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Posted on 24th March 2016

Helleborus orientalis is a very variable species that will self-seed readily and will produce a wide range of flower colours and shapes in its offspring, it also hybridises freely and the resulting Helleborus x hybridus are equally variable. You will often see different variants and hybrids offered for sale as unnamed varieties and this is because they are grown from seed and each individual can be distinct from others within a batch of seedling plants, there are far too many attractive variations to name them all. If a particularly attractive seedling is to be named and sold as a cultivar it must be cloned (vegetative propagation such as cuttings and division). This is a lengthy process because it takes several years for a clump to reach a large enough size for dividing and Hellebores dislike disturbance. They do not produce stems with nodes so cuttings are not possible.

Named cultivars are often expensive because of this process but the desire for double flowers, dark purple to black and upward pointing flowers is such that plants that display some or all of these characteristics are sought after and therefore worthy of the process.

Helleborus are typically understory plants and are at their best when planted in natural drifts under trees and shrubs to give an early display of ground cover, they complement early spring bulbs and other winter interest herbaceous perennials such as Arum italicum ‘Marmoratum’ and thrive in humus rich, neutral to alkaline soils in shade or semi shade. They do best in a moisture retentive soil but can cope with dryer soils as long as they are not in full sun.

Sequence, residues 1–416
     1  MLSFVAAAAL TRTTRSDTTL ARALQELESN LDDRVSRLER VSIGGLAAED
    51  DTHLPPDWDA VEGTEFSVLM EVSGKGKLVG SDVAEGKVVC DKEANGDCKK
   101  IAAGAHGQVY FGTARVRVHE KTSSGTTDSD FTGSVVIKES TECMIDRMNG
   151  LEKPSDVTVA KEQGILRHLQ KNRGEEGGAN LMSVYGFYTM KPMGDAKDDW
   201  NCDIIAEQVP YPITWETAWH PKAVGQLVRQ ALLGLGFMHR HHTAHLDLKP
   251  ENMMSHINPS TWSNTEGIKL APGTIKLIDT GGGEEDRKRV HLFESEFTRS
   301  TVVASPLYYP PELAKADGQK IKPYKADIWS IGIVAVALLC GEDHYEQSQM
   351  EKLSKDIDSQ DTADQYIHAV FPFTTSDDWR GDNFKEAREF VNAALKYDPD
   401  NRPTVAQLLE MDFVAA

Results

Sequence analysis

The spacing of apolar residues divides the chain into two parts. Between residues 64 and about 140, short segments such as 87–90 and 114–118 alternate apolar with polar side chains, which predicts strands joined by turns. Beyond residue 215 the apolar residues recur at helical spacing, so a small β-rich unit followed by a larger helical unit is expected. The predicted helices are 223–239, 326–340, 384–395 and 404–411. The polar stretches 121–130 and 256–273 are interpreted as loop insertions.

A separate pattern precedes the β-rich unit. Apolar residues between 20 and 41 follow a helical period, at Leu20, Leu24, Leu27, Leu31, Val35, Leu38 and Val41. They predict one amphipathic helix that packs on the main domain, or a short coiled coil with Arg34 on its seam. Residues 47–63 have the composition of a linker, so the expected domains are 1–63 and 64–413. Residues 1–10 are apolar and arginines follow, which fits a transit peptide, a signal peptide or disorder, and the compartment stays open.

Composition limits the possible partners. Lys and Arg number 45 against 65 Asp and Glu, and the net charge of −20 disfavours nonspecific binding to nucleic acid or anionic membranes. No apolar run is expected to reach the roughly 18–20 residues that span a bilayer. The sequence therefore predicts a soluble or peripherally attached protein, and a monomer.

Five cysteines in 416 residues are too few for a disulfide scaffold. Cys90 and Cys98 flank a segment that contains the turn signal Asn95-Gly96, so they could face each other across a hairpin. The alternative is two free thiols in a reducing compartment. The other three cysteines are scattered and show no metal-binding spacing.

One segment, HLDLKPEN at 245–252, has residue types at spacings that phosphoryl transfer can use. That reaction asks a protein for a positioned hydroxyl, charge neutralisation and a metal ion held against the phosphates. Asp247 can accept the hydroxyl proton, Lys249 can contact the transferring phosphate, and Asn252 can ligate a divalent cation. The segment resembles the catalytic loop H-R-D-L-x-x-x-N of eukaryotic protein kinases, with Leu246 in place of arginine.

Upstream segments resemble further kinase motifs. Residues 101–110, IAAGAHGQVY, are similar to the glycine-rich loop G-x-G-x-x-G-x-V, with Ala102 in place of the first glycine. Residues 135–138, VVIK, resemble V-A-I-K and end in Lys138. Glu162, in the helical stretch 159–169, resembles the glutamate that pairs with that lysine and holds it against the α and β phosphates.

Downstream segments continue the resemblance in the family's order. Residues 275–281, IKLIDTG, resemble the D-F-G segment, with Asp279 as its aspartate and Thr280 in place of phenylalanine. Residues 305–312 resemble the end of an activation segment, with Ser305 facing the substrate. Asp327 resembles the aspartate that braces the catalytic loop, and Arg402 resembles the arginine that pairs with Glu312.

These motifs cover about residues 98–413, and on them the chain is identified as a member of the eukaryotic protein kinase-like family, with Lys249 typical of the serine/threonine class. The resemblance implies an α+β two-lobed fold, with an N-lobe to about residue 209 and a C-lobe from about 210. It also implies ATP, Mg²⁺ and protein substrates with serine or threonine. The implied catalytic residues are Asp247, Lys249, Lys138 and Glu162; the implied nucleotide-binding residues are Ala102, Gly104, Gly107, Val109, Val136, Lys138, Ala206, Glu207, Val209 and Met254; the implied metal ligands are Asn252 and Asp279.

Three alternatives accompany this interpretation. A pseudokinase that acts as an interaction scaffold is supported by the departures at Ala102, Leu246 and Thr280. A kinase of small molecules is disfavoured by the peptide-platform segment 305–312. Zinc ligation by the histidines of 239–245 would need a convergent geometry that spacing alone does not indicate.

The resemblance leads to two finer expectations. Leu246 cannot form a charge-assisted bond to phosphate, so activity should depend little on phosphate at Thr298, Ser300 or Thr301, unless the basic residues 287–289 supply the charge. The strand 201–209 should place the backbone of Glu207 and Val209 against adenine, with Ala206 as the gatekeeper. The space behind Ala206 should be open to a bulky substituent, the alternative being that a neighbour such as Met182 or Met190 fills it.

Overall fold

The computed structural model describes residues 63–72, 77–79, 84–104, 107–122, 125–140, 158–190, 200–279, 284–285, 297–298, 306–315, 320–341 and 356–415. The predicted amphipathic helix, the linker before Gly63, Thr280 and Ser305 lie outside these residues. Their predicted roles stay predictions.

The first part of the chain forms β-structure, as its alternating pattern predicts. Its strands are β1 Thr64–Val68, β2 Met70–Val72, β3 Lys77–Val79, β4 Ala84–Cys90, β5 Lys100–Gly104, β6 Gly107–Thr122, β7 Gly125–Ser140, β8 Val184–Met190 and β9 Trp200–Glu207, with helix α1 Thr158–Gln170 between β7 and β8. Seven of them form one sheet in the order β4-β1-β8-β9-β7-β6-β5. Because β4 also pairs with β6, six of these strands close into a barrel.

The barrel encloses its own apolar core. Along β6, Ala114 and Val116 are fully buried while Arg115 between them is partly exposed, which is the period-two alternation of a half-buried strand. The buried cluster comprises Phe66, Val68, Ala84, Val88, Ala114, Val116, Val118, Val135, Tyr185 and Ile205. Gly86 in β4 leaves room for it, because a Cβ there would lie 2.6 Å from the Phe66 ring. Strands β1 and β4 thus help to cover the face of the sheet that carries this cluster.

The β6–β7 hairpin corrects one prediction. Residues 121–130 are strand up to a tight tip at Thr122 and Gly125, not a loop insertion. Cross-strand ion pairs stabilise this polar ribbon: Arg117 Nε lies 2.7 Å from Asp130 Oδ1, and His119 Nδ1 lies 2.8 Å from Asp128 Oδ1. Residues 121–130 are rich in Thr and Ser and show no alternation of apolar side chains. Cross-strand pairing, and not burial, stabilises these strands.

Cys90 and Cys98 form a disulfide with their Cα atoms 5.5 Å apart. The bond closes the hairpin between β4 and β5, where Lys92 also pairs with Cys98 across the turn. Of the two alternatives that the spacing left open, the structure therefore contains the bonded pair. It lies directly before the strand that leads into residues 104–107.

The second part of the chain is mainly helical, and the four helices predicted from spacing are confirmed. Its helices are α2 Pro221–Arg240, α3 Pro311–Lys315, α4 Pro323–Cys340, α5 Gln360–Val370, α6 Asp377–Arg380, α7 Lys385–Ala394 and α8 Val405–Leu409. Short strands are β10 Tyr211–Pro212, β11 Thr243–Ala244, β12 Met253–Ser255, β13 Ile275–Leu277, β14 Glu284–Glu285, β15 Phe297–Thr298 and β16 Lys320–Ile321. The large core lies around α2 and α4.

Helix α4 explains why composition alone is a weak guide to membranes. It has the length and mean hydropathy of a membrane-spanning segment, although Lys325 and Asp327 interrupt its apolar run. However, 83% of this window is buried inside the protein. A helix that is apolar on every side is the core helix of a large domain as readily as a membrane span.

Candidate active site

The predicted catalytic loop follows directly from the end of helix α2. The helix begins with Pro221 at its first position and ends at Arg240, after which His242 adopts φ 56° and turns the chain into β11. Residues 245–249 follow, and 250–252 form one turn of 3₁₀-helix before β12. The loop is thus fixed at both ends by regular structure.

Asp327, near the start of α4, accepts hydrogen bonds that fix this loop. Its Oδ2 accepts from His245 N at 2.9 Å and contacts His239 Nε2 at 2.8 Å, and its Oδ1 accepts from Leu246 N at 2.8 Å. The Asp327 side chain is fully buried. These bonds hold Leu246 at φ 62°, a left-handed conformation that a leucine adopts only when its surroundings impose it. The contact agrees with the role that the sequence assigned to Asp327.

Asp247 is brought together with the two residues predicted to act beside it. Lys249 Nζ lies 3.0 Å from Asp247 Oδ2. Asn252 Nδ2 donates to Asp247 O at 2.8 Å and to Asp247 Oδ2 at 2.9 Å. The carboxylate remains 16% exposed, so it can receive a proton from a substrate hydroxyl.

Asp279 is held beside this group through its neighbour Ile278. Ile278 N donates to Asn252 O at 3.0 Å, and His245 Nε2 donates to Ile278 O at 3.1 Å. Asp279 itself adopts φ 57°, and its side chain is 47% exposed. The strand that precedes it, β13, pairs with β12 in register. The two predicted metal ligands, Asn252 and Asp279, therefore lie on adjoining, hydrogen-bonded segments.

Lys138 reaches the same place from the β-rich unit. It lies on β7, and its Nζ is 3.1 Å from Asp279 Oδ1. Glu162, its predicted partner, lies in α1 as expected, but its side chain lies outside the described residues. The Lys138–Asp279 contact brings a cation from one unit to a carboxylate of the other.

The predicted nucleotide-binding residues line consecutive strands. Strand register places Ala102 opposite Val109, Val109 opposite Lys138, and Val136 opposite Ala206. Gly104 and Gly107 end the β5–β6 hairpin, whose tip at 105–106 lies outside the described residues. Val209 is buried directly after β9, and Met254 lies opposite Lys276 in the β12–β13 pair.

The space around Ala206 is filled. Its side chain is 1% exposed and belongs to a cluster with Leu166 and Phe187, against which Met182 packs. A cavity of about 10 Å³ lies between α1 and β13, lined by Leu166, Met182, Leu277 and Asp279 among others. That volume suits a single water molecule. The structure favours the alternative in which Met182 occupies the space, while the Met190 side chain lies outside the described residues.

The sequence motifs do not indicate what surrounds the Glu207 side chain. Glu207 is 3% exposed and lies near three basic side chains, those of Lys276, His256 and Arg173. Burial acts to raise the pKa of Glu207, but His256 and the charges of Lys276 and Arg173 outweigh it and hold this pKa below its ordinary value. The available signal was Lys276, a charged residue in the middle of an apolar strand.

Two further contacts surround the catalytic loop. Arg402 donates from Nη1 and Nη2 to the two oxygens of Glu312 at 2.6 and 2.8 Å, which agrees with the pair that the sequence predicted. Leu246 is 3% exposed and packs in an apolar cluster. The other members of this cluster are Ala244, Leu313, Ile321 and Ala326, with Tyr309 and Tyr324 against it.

The leaves are evergreen but leaves from the previous season should be cut off at ground level in mid-winter just before the flower buds start to develop. You will then benefit from a stunning display of flowers that are not hidden by the tatty older leaves, new leaves will start to grow as the flowers fade. Division can take place every 5-8 years in autumn but don’t be afraid to let them self-seed or save some of the developing seeds and cultivate them, sow in autumn but don’t treat them too kindly, they need exposure to cold over the winter in order to break the dormancy and they will then readily germinate in spring.